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Let Zimpure aspirate these toxic fumes!

Have you noticed this strange and irritating smell when you’re near your 3D printer? It is actually a mix of harmful gases and nanoparticles. This is due to thermoplastic fusion. Professionnals in the thermoplastic industry or folks with an average sense of smell alike, you have already smelled this melted plastic and you know it can’t be good for your health.

Toxic fumes issued by 3D printers

Detrimental health effects

Nanoparticles or ultrafine particles (UFPs) can be dangerous because of their chemical composition but especially because of their size (less than 100 nanometers). When inhaled, UFPs can be trapped in the smallest areas of the lung’s alveoli, which are tiny sacs covered with blood capillaries where oxygen and carbon dioxide are exchanged between the bloodstream and the lungs. UFPs are small enough to pass directly from the lungs and into the bloodstream. This way they accumulate in other organs of the body such as the brain, the liver, or the spleen.

And the particles need not be toxic in and of themselves in order to cause problems or poisoning : even PLA particles (which are currently widely believed to be non-toxic) can build up in the lungs and cause serious harm.
As for for VOCs, they can include any number of different chemicals and in varying amounts. For example, the VOCs released when an ABS filament is melted can contain 10 to 20 different chemicals, most notably Styrene, a chemical classified as being toxic, and possibly a carcinogen.

Ultrafine particles destructive health effects

What really happens in your room

With one 3D printer operating continuously in a 45 m3 (1600 ft3) furnished and conditioned office space (complete air renewal rate of once every hour), we observe an ultrafine particles concentration of 58 000 particles/cm3. This is more than 11 times what we observe in a typical home, office or school ambient air.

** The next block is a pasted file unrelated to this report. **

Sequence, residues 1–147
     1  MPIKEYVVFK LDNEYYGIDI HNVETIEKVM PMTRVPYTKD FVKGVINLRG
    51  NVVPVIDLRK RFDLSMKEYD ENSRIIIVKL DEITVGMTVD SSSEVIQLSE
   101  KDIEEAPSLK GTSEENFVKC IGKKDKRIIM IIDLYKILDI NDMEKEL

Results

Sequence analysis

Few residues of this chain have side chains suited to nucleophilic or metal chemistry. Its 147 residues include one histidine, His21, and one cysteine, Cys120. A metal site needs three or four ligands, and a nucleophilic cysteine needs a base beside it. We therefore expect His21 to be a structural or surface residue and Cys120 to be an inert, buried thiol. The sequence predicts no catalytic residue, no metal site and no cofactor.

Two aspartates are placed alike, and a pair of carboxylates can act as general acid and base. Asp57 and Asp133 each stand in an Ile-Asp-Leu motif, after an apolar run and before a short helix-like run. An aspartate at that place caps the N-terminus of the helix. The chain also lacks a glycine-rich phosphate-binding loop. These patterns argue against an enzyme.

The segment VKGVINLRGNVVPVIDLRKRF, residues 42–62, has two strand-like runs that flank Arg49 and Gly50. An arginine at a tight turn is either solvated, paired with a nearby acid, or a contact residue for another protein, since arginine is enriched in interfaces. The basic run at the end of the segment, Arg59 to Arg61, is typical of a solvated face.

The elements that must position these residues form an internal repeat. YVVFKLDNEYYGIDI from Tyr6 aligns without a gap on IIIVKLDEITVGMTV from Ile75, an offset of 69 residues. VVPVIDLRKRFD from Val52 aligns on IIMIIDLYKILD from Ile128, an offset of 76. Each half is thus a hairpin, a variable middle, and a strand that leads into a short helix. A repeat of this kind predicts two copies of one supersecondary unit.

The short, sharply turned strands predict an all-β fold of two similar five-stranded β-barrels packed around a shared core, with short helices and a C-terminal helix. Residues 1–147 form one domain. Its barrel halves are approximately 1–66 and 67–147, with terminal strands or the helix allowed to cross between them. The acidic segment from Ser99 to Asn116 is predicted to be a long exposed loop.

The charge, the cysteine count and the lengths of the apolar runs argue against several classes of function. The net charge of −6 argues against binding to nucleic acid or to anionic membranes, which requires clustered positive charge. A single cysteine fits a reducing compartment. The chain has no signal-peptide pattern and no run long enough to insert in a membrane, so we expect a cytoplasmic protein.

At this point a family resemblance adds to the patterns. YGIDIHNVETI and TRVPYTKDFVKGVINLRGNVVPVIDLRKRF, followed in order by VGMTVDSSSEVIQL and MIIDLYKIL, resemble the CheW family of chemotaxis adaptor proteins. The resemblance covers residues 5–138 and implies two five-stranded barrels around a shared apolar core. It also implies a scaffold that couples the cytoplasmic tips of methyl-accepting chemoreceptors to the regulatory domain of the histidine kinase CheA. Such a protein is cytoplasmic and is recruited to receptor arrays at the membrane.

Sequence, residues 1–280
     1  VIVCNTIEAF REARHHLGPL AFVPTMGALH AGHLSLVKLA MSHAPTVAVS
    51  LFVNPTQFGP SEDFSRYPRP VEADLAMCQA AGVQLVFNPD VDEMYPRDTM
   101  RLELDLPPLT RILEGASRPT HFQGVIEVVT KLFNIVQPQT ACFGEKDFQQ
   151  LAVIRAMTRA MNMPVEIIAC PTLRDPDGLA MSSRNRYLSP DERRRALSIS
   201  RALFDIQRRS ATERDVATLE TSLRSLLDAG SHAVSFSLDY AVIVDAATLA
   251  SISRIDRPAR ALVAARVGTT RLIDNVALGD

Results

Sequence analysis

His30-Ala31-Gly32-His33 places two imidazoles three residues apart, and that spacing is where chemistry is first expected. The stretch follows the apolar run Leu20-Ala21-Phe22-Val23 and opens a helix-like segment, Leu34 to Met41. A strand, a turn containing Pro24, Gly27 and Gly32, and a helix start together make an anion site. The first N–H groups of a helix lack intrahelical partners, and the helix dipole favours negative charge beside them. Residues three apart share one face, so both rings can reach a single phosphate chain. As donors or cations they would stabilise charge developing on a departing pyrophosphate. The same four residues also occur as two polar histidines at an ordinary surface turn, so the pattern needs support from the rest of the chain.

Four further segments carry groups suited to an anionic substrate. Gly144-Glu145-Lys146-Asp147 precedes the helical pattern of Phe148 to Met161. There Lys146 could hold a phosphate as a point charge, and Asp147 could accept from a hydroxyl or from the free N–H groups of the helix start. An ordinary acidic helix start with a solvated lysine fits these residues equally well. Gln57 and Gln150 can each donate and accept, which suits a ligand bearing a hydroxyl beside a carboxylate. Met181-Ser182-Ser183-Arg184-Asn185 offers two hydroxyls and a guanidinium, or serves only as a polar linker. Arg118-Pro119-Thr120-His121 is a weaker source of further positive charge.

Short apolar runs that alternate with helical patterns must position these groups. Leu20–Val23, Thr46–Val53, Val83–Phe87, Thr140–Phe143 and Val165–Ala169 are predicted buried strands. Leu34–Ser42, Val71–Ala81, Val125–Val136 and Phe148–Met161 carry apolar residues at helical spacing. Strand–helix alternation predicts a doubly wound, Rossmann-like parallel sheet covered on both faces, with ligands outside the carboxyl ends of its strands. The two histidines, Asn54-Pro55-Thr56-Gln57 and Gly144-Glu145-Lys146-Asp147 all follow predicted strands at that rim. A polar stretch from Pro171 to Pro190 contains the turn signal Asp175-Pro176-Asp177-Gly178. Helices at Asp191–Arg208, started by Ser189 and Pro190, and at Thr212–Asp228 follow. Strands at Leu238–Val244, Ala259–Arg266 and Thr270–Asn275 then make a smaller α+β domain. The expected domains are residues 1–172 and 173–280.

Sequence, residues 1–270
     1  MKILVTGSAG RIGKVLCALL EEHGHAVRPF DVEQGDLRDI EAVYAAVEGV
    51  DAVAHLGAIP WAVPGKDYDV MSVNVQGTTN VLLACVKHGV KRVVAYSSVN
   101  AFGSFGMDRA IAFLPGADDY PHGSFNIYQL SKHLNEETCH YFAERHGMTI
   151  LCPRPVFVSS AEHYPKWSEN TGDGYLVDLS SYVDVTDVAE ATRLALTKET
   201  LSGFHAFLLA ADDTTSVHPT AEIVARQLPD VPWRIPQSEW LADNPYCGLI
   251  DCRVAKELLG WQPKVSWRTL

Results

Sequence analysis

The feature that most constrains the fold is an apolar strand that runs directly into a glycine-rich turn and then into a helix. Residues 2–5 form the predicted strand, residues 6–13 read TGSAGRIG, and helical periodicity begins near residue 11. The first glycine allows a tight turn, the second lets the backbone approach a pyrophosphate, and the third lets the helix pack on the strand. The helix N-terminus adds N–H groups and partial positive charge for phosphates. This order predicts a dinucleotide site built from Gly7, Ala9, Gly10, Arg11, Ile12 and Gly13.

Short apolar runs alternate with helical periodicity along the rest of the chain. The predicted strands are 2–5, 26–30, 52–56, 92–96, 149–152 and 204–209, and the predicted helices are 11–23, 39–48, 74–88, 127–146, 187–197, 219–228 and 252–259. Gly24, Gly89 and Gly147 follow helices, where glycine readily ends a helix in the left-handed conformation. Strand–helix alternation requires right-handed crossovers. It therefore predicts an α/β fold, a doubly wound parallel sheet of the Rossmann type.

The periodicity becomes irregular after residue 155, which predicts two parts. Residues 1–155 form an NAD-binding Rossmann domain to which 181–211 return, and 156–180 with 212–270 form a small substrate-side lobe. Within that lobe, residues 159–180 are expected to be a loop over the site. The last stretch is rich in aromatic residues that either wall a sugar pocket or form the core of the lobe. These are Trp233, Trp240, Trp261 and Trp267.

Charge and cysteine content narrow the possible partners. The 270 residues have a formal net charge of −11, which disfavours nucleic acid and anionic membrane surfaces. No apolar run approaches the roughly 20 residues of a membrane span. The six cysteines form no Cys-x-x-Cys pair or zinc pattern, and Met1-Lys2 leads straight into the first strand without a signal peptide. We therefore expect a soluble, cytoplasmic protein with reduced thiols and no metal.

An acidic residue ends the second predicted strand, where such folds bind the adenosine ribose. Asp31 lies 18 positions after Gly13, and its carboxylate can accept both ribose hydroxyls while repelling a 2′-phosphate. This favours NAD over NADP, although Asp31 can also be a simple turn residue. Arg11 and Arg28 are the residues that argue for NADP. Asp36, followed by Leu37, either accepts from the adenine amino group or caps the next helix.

Regarding the gases : In this configuration, the predicted styrene concentration is about 150g/m3, which is 20 times more than the highest styrene concentrations measured in commercial buildings in the U.S. In France, particle pollution is the 3rd cause of death : more than 48 000 people die every year as a result of particle pollution. We do not accept even more pollution in our homes! Source

Zimpure plug and play filtering system for 3D Printers

Un système efficace et certifié

Il était très important pour nous de tester et faire certifier notre nouvelle manière innovante de filtrer les nanoparticules et les gas émis par les imprimantes 3D.

C’est pourquoi nous avons travaillé avec un laboratoire spécialisé (LSCE, CEA) pour tester, améliorer et faire certifier notre produit.

Nous sommes maintenant fiers de pouvoir fournir un système de filtration efficace, fiable, compacte et abordable, et ce pour tous les utilisateurs d’imprimantes 3D !

Efficient and certified ultrafine particles filtering system


Pour pouvoir utiliser Zimpure sur votre machine, vous devez télécharger et imprimer l'embout d'aspiration spécialement conçu pour votre imprimante. Pour accéder à cet embout, veuillez sélectionner votre imprimante dans la liste ci-dessous. Votre imprimante n'est pas dans la liste ? Aidez-nous à rendre Zimpure compatible !

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Pour nous contacter :

Nicolas Roux CEO ZIMPLE 3D design 3D printing Electronics

Nicolas Roux

Fondateur, CEO

Ingénieur en électronique, passionné par le Product Design et l'impression 3D.

+33 (0)7 88 10 96 49

Antoine Franz COO ZIMPLE web dev data scientist ENSAE

Antoine Franz

Co-fondateur, COO

Web Dev et Data Scientist, étudiant en école d'ingénieur (ENSAE ParisTech).

+33 (0)6 87 43 32 85

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